“I wasn’t prepared to sell off any more of the schools’ property,” Baughn said. “If the charters moved out, what happens to those buildings and those students, and where do we house them?”

Baughn was referring to a proposal by Chester Community Charter, which already enrolls more than half of Chester Upland’s 7,000 public school students. The charter had sought to buy two of Chester Upland’s elementary schools, pledging to save the district millions while promising parents state-of-the-art facilities.

The two other bidders — Global Leadership Academy, which operates two Philadelphia charters, and Friendship Education Foundation, a Washington, D.C., company that runs a charter network — had each proposed taking over two schools, but not buying the buildings. Baughn said he felt Chester Upland could match those two proposals “if we had the right resources and people in place.”

Baughn said he had not informed the charters of his decision prior to Tuesday’s meeting and did not know if they would challenge it in court.

Joe Harris, CEO of Friendship Education Foundation, said the company did not plan to challenge the decision, but “Friendship remains committed to Chester Upland. If the opportunity presents itself in the future, we would like to be considered.”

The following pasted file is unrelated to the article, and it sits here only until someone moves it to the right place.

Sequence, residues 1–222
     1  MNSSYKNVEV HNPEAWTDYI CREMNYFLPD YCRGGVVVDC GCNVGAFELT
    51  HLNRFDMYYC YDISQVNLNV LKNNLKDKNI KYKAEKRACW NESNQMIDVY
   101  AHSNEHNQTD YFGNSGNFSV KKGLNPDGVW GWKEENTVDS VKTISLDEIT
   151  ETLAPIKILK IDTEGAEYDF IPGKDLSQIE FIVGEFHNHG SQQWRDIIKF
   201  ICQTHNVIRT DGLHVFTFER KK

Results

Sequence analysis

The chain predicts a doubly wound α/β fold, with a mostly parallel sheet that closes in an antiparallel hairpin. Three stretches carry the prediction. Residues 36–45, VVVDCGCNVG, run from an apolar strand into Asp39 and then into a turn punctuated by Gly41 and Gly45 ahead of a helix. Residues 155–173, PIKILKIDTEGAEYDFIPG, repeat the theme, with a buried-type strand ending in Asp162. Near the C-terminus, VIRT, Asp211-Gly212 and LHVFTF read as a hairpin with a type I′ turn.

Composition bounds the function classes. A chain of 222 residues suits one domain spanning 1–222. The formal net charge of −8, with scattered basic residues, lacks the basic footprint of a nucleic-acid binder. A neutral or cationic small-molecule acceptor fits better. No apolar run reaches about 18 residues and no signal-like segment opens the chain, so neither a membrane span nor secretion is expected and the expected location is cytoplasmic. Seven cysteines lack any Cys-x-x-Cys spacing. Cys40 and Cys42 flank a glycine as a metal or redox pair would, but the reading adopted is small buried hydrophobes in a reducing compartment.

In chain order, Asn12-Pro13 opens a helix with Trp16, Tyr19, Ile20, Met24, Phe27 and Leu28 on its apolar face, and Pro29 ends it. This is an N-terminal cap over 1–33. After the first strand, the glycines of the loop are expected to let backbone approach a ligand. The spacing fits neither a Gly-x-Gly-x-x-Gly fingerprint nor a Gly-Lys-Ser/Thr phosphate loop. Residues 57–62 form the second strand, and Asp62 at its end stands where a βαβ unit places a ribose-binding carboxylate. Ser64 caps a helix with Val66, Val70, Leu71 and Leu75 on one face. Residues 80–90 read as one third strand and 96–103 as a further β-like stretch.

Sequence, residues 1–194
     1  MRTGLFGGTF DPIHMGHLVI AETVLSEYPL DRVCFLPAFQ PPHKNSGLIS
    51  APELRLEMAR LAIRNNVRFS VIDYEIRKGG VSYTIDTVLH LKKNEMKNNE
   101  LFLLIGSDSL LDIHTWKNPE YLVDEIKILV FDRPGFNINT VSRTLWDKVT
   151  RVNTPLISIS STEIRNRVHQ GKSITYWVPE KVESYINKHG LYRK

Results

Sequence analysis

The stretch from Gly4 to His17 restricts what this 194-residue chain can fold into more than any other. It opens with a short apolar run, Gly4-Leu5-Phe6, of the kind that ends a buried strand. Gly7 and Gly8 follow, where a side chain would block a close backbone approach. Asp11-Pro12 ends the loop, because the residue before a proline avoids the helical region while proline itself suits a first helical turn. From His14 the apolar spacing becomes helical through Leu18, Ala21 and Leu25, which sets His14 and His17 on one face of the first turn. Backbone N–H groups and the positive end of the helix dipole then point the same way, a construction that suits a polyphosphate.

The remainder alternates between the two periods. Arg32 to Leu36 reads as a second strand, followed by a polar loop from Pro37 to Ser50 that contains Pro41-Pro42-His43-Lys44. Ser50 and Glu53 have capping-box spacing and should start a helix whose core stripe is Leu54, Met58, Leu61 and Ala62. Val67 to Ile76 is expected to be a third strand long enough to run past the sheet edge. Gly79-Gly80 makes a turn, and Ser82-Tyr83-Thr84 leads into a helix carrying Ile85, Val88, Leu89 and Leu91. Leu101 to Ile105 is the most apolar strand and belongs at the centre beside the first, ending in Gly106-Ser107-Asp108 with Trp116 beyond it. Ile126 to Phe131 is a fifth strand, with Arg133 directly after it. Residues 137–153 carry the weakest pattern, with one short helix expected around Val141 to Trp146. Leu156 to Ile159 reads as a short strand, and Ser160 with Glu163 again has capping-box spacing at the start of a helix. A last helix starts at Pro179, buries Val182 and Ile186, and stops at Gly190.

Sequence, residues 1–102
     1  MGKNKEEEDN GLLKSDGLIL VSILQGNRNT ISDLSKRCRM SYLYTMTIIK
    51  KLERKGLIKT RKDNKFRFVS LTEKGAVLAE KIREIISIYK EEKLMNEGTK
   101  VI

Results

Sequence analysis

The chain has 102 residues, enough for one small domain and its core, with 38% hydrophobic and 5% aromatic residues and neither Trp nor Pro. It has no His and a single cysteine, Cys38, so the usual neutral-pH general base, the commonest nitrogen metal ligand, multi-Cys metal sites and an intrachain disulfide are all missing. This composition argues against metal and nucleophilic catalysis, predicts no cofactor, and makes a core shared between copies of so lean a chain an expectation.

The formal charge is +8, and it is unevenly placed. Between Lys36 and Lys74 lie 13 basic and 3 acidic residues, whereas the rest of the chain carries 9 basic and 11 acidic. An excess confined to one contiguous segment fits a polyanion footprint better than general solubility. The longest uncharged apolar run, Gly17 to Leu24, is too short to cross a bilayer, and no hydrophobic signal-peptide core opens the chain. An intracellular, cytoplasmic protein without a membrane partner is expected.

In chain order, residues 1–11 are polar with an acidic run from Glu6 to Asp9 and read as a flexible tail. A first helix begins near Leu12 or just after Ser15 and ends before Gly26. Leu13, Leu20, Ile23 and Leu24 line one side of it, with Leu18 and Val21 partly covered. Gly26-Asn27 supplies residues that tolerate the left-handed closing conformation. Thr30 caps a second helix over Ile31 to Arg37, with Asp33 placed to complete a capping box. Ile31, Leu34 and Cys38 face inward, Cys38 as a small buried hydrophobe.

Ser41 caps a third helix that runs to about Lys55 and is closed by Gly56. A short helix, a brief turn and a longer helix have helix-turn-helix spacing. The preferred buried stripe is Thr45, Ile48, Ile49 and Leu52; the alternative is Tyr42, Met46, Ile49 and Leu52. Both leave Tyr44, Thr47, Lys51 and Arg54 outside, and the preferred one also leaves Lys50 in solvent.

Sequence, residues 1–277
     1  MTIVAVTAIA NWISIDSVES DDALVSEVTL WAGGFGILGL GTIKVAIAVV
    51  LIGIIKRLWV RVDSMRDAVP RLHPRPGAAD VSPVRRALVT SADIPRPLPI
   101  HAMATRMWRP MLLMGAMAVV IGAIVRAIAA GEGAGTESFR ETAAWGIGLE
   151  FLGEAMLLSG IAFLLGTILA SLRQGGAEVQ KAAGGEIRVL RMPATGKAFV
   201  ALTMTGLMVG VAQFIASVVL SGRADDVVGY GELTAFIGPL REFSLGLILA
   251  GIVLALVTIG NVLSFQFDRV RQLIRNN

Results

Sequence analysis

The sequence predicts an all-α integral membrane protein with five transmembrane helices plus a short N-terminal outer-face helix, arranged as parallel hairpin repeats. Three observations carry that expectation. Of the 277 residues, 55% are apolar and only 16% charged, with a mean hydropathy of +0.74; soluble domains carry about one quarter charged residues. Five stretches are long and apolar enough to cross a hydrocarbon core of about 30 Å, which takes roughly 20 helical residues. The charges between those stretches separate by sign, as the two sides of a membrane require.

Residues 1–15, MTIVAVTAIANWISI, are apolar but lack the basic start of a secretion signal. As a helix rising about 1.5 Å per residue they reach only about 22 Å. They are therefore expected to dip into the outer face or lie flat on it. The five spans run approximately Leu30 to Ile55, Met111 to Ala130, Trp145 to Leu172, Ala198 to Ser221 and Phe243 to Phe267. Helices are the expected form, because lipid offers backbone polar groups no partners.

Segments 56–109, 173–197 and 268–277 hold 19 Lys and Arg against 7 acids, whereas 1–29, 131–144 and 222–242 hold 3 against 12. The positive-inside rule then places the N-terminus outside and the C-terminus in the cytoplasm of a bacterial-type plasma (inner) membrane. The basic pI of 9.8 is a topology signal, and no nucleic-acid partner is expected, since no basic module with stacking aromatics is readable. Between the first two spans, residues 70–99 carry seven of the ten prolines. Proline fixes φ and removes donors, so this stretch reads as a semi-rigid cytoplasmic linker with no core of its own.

Naomi Johnson Booker, executive director of Global Leadership Academy, said, “We are disappointed because the children will continue to suffer.”

Both organizations became involved after the court ordered the district to solicit proposals from charters as part of its latest financial recovery plan, a process managed by a revolving door of receivers during its near-decade of court supervision.

Chester Community Charter proposed that step, petitioning the court in 2019 to consider a takeover of the district’s elementary schools as a possible financial solution.

» READ MORE: Two-plus hours on a school bus: How a Chester charter taps Philly kids to grow

At a community meeting in May, the charter’s CEO, David Clark, told parents and residents the charter would build brand-new facilities, take less money from the district than it was entitled to under state law, and pay teachers the same rate as those in the district, who are unionized. (The vast majority of charter staffs are nonunion.)

Parents asked what they would do if they didn’t want to send their children to the charters — a right provided by Pennsylvania law — and questioned why Chester Community had distributed brochures around the community advertising new buildings before a decision was made.

“We do want public support,” Clark said, adding that “this deal is far, far from settled.”

Baughn, who is stepping down as receiver in August, said Wednesday that “every group I spoke with” opposed the proposals.

“Up until the last minute, I guess people were sitting out there thinking I was going to charterize the district,” Baughn said. But he said he carefully reviewed the proposals and listened to community members.

“They didn’t think I was listening. I heard them,” he said.